As a teenager I had a disgustingly messy room . My mom, bless her, never hassled me about it. Her perspective was that I was a straight A student, held down 2 part time jobs, was involved in drama and my youth group, so a messy room was my version of teenage rebellion and she could live with that! While I still have a tendency to be messy, my oldest always says our house is way cleaner than any of his friends. Having a messy room as a teenager does not mean you will keep a dirty house as an adult. It was amazing that my mom gave me the space and grace in my room. I have to very consciously choose to do the same with my youngest. Thanks for the wise reminder Jen!

  2. Ronnie

    I belong to a FB group where people talk about decluttering their homes. Turns out most of the people on there have trauma from how their belongings were (mis)handled by their parents. The trauma leads to difficulties parting with anything.

    Harsh responses to your kids’ untidiness might *seem* instructive, and they are, but probably not in the way you hope they will be.

  3. Rosemary Suss Gurel

    I completely agree with your article. When my 21 year old was young, yes her room was messy. I didn’t draw attention to it. But when I would walk into her room with her there, I would say (in a friendly tone) something like “I see you keep that area neat and clear of things.” And I would stand there, where it was safe to walk.
    She has grown up to be aware of her environment; she routinely culls out her clothes. And she makes her bed every day.
    My feeling is that the kids’ rooms are theirs. Common space is a whole other subject!

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  5. Lotus Blossom

    This is such a struggle in my family. My kids and I all have ADHD, so it’s like the blind leading the blind when it comes to cleaning. I have started with an online decluttering program and have been fairly successful with it.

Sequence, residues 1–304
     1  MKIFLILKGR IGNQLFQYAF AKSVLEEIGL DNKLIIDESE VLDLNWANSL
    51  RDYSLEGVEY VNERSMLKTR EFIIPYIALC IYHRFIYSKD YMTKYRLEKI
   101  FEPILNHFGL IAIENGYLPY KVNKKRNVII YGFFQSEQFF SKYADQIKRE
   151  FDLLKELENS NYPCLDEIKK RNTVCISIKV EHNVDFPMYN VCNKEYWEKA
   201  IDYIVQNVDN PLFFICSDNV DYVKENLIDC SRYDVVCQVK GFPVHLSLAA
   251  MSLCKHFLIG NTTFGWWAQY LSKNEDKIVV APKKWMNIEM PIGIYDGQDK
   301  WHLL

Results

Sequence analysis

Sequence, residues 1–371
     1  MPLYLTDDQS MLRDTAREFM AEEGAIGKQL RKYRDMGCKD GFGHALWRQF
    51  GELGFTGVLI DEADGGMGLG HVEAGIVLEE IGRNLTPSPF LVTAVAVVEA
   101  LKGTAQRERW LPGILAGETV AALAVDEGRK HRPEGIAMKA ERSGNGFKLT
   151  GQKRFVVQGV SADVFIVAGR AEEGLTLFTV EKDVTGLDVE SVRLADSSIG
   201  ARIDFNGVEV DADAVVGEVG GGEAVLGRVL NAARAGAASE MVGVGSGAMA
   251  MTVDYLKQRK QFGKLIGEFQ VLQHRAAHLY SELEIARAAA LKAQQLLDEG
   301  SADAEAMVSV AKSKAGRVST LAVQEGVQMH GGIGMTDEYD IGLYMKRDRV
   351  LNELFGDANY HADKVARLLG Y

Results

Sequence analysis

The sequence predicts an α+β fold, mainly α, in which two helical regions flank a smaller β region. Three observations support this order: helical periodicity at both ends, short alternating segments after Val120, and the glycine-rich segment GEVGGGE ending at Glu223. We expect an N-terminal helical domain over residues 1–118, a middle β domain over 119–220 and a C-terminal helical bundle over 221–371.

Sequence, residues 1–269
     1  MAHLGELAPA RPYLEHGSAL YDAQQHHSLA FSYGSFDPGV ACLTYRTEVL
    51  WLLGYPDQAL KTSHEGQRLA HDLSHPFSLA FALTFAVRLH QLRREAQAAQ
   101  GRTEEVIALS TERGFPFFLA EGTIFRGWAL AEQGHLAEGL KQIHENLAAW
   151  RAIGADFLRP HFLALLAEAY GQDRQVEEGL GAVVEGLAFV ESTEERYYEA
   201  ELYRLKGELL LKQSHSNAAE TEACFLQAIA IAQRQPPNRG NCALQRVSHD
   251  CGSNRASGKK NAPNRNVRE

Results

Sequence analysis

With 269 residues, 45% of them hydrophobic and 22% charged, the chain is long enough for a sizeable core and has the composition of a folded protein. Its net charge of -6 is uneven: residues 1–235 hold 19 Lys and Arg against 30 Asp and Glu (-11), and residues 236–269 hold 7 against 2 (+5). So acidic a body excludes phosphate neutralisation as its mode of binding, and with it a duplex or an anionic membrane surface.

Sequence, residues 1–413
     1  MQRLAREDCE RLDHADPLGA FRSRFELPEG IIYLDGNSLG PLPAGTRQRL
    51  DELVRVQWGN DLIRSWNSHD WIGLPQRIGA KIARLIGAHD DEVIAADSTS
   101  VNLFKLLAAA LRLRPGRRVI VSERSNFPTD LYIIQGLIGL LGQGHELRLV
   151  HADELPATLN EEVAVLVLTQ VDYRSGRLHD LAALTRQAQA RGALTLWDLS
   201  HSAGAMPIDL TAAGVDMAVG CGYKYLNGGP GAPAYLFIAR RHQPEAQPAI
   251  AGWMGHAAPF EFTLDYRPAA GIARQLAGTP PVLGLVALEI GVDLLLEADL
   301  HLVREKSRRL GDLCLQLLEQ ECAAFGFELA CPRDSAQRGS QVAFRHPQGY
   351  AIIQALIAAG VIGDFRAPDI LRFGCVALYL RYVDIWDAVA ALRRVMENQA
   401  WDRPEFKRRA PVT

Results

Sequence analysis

For my kids’ rooms, I try so hard to keep it positive: “if you can put your clean clothes away and dirty clothes in your hamper in 10 minutes, you get a sticker.” Then tomorrow, it’s take care of the clothes, plus put away the books, etc. Clothes should take hardly any time since they were done yesterday.

    I set the timer and call out how much time is remaining to help them be aware of time passing and to get back on track. Seriously, this could be done in less than 5 minutes. No good. I tried it a second time with the sticker. No good. So at this point I said that there is no sticker involved, but that they had 10 minutes. It didn’t work. Now things are starting to escalate, because I feel like we just need to get over a hump and things will be better.

    My experience with having a messy room did not turn out with me being neat add an adult. In fact, because we never really had a consistent routine, I think this has carried into my adulthood (I’m 46). So for me, because of our troubles, it is so important for me to get us all on a schedule so that we always know what’s met so they have a better chance if an organized life than me.. And, while I really want things to stay positive, and I will always do my best to stay that way, at some point, moms and dads get mad.

  6. Heather

    The picture you chose for this article is entirely misleading (and frankly, seems to be click-bait). Your article references a teenager, who would be responsible for (for better or worse) their own choices, while your picture references a toddler, who wouldn’t know better and may not even know how to clean up their toys yet.

    • Pam Clark

      Age should not matter though. Young or old, tidiness and clutter can be part of the whole of the personality. A teen may physically be capable of cleaning their room, but they may not have the same desire that the adult has in doing so.

      Whether the child is able, or not, it is still about partnering with your child in finding a respectful solution. Sometimes, that will be in cleaning up for them, sometimes it will be cleaning up with them, and sometimes it will be walking away and not cleaning up at all. Not out of disgust, shame, harping … but respecting the individual and differing views of what is “necessary” and what is simply a difference of opinion.

  7. Jessi

    I find setting a timer IS helpful, because it is a fun race for us. We all try to beat the timer together. It is the only way my 4 yr old will get dressed in the morning. I let him set the timer and we race. It helps with cleaning too.